portrait

ANASTASIA KLAFFERT (HEFFNER) TEST SHOOT

For this shoot, I got a chestnut faux suede fabric as my backdrop. I'd been thinking about shooting on other backgrounds other than seamless paper. I love how suede can look so imperfect depending on how you touch and manage it. My hope is that the suede fabric slowly disintegrates and makes for an even more interesting background. 

Model: Anastasia Kleffert
HMU: Anastasia Kleffert
Outfits: Free People, ZARA

Anastasia Klaffert Heffner Management Model New York Higher Dose 1
Anastasia Klaffert Heffner Management Model New York Higher Dose 3
Anastasia Klaffert Heffner Management Model New York Higher Dose 5
Anastasia Klaffert Heffner Management Model New York Higher Dose 7
Anastasia Klaffert Heffner Management Model New York Higher Dose 2
Anastasia Klaffert Heffner Management Model New York Higher Dose 4
Anastasia Klaffert Heffner Management Model New York Higher Dose 6
Anastasia Klaffert Heffner Management Model New York Higher Dose 6
Anastasia Klaffert Heffner Management Model New York Higher Dose 9
Anastasia Klaffert Heffner Management Model New York Higher Dose 10
Anastasia Klaffert Heffner Management Model New York Higher Dose 12
Anastasia Klaffert Heffner Management Model New York Higher Dose 11

LAYSON GOTTFRIED (NYMM) TEST SHOOT AT EGG STUDIOS

Had an awesome time shooting with Layson!

One thing I realized was just how much I love shooting on film. Shooting on film is so much more enjoyable, not just because of the aesthetic of the end product but because the shooting process feels more relaxed and less like work. Shooting digital feels like work - mechanized, high-pressure, moving quickly to the sound of shutter clicks, the machine-gun barrage of go, go, go. I think the implication of shooting digital is that the relationship between photographer and subject feels more professional and clinical, like there's a clear boundary.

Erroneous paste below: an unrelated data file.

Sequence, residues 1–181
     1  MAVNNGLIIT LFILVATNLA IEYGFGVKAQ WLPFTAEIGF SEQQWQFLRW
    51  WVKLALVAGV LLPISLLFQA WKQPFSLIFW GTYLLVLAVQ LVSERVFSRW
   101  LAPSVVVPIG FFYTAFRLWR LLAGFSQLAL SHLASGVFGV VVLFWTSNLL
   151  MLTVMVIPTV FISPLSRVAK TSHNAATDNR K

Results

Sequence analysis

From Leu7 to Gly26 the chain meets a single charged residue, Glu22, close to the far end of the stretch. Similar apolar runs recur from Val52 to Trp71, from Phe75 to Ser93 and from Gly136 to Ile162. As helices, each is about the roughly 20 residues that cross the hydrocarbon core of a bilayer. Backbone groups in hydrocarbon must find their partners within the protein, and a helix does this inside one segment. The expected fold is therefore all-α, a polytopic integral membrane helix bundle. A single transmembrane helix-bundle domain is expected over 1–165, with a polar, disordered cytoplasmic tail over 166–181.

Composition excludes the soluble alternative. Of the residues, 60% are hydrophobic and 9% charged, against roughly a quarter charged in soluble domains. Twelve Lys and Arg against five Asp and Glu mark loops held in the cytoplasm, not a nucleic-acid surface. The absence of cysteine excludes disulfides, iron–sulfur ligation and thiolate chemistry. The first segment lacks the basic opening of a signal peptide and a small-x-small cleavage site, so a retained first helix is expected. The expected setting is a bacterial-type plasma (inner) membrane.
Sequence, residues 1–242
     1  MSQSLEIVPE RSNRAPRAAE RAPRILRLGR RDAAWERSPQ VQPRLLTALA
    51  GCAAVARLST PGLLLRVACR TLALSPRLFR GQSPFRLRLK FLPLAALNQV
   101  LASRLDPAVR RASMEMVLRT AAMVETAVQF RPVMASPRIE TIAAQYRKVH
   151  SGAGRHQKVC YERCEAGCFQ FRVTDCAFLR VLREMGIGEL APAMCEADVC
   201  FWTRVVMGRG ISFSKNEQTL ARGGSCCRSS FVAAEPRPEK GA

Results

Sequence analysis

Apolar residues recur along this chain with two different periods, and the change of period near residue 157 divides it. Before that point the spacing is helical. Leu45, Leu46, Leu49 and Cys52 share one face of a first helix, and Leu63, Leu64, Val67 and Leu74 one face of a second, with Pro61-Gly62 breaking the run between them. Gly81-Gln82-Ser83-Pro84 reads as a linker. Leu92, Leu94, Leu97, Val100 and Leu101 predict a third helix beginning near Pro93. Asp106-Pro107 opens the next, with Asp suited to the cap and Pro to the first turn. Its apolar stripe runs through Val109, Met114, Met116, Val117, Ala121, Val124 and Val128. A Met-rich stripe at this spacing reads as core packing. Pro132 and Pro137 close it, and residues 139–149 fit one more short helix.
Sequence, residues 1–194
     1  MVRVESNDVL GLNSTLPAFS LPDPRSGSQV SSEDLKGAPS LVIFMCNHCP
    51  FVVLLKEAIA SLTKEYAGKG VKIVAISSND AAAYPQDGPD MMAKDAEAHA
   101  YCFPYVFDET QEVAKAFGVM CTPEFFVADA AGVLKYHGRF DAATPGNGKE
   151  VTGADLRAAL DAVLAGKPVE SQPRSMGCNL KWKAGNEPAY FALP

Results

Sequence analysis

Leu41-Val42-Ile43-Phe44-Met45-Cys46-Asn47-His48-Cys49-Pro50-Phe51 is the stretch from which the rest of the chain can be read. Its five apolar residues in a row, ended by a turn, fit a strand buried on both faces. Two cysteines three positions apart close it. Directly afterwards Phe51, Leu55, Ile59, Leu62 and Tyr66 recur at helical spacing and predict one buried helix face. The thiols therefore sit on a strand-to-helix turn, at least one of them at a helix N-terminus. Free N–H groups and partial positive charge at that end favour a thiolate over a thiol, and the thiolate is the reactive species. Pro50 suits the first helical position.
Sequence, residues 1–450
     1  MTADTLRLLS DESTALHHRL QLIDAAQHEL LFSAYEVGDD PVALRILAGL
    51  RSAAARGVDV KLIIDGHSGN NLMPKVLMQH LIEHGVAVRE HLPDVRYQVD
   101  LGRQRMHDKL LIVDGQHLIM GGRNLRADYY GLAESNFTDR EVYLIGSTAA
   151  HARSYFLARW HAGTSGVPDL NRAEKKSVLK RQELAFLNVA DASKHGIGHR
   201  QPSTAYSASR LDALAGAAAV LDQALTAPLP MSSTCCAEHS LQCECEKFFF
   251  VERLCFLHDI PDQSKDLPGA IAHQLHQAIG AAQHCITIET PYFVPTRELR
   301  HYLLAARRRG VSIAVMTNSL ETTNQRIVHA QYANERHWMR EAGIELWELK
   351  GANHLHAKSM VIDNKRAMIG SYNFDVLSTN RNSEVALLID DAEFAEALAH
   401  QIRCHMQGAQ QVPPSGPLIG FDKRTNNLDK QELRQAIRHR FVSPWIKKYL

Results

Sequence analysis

On the other hand, shooting on film feels more intimate, like getting to know someone and not feeling rushed. You're more in tune with the slight movements of the subject because you have to focus and make sure the subject is posing in the most appropriate way. The collaboration feels less hurried and more natural. Knowing that you have a limited number of exposures forces you to slow down and frame each shot with purpose. I believe this slowing down puts the subject at ease and allows them to be more unforced in their poses and expressions.

Mary Layson Gottlieb New York Model Management Brooklyn Studio Shoot 1.jpg

FILM (KODAK PORTRA 400)

Anadem Project Portrait Session 6 with Esther Chung

The Anadem Project continues. Jeannie and I took a break because of our own busy schedules but were able to find an opportunity to shoot together again. This time round, we opted for a black seamless background to shake things up and to introduce a deep contrast to the images. Our model was Esther Chung.

Before the shoot.

Esther Chung Anadem Project Portrait 1

After styling:

Esther Chung Anadem Project Portrait 2
Esther Chung Anadem Project Portrait 6
Esther Chung Anadem Project Portrait 3
Esther Chung Anadem Project Portrait 5
Esther Chung Anadem Project Portrait 7
Esther Chung Anadem Project Portrait 8